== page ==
What is it? A shop, exhibition space and home to Australia’s only museum collection of contemporary wood design.
Why go? Tasmania has an astonishing variety of unique indigenous timbers. Huon pine, king billy pine, sassafras and myrtle are all native to the island and unavailable elsewhere. This is an opportunity to see the work of top designers and artisans working in wood.
What is it? With its numerous antique shops, car boot sales and auction houses, Tasmania is an absolute paradise for second-hand fans, and Tulloch’s is one of the best. They sell fine art, antiques, jewellery, collector cars, and quality general goods.
Why go? Browse the Tulloch’s showroom and then sign up for an online or in-room auction and you might find yourself leaving Tasmania with anything from a collection of pottery marbles, an old enamel advertising board, or a 1980s DeLorean.
What is it? Australia’s largest regional museum, featuring a planetarium, colonial art collection, blacksmith shop, along with an ongoing exhibition on the extinct Tasmanian tiger.
Why go? Temporary exhibitions have included topics as diverse as spiders and yarnbombing, while the First Tasmanians exhibition tells the story of the history and culture of the Tasmanian Aboriginal people. The centrepiece is a wall map of Tasmania depicting the territories occupied by 57 known clans over more than 30,000 years of pre-colonial history.
What is it? Run by a chef couple who have moved to Tasmania from Sydney, Bryher is everything a café should be. Relax in elegant, comfortable surroundings and enjoy a hearty menu that changes regularly depending on the availability of produce.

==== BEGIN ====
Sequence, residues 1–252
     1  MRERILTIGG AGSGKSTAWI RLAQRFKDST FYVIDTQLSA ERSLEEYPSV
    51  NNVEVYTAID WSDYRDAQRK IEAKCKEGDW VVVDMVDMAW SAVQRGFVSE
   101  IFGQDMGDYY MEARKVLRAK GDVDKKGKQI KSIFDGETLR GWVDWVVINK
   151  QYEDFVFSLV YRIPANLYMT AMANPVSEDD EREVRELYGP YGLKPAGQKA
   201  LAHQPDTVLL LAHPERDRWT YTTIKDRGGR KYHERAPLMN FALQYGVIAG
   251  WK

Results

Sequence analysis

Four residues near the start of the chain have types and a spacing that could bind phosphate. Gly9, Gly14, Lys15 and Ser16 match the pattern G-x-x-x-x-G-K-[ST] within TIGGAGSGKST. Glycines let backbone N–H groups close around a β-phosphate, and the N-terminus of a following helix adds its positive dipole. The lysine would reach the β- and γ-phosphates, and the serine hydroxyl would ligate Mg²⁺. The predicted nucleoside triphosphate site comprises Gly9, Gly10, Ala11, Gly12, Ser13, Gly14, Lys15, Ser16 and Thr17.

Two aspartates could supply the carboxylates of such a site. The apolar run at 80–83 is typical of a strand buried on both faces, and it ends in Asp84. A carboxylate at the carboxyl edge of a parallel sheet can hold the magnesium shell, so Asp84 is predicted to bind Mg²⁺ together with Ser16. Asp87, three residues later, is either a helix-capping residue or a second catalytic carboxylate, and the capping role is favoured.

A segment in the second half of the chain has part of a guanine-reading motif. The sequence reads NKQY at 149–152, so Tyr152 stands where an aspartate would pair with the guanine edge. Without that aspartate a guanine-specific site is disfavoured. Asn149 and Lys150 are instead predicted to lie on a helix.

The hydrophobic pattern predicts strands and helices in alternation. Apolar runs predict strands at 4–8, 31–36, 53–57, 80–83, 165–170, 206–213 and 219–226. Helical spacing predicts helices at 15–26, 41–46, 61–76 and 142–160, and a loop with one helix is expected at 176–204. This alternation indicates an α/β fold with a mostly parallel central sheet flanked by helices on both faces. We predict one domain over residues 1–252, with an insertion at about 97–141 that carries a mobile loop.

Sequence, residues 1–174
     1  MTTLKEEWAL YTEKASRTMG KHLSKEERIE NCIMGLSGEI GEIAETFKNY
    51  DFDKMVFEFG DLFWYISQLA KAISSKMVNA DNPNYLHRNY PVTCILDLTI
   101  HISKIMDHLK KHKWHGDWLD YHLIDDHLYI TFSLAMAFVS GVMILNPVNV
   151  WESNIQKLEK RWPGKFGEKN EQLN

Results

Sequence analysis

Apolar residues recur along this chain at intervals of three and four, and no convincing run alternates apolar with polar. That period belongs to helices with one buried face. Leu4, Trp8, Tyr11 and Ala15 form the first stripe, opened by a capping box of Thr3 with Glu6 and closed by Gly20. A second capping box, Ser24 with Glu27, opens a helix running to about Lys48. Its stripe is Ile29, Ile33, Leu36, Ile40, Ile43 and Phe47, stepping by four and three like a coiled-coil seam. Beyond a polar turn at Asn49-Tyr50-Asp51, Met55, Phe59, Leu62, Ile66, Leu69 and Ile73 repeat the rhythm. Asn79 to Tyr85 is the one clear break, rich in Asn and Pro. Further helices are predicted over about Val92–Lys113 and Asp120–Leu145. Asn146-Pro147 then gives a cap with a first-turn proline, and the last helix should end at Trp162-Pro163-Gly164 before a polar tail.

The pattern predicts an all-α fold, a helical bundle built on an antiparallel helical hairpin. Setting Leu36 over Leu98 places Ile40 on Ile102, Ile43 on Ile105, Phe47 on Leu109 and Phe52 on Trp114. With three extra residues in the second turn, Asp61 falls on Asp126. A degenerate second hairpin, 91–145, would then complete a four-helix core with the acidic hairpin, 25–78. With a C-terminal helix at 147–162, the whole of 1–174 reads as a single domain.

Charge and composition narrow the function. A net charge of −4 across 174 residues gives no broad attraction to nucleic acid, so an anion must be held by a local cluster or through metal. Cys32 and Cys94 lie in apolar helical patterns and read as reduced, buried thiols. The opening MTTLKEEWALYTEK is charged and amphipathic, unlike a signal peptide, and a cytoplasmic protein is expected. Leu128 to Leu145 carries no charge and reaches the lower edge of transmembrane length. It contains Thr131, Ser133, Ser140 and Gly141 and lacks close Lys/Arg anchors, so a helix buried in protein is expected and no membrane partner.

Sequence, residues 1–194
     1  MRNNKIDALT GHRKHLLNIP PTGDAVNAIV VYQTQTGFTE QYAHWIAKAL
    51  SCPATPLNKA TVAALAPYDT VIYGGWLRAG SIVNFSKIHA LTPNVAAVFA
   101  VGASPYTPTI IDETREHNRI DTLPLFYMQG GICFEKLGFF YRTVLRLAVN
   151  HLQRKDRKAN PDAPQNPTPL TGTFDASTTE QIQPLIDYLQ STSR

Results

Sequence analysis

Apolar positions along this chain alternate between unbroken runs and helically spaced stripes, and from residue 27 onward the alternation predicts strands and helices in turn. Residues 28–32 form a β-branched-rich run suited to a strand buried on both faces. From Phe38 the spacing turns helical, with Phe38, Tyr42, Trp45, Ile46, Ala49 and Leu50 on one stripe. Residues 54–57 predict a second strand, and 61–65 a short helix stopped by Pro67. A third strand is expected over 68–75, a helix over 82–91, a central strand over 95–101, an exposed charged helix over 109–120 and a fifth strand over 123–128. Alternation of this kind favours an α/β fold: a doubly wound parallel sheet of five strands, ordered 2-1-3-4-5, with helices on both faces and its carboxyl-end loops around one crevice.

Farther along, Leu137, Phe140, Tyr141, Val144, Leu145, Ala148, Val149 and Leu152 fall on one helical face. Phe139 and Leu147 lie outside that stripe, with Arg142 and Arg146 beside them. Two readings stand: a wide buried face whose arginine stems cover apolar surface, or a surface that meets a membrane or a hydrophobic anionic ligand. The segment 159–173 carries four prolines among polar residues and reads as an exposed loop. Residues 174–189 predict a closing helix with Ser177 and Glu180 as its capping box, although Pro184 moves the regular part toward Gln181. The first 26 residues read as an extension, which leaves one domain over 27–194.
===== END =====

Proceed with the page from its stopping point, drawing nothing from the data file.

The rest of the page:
Why go? When they say everything is made on site, they mean everything: pickles, muffins, pastries, brioche, cordials, yoghurt, sauces, biscuits, jams, chutneys, syrups and even tea blends. It’s all delicious, but the giant baked beans and black pudding is especially hard to beat.
What is it? Taking place every Saturday morning, this is a proper farmers market with up to 80 stalls, where you can trust that the people selling you the food are the same people who have grown the food.
Why go? The market is a cornerstone of the community but also a great experience for visitors. This is the place to stock up if you’re self-catering. There are bakers, brewers, heritage pig, beef and lamb farmers, heirloom garlic olive oils and hazelnut growers. Don’t be shy about tasting.
What is it? Tasmania’s craft beer scene has taken off in the last few years, but St John’s was one of the originals. They offer up to 14 taps and more than 170 bottled beer varieties at any time.
Why go? Don’t be fooled by the industrial aesthetic: this is a super-friendly spot with bar staff who know their hops. It’s BYO food for lunch, but there’s a street food caravan that serves burgers and snacks in the evening. The super crunchy fries are legendary.
What is it? Much more than just a green space, City Park is the beating heart of Launceston, hosting events and festivals almost year-round. If you’ve got tired feet, explore the park via the miniature railway.
Why go? In addition to mature trees and shrubs, flower displays, a beautiful conservatory and a sense garden, the park is home to an enclosure of macaque monkeys – a gift from Launceston’s sister city Ikeda City in Japan.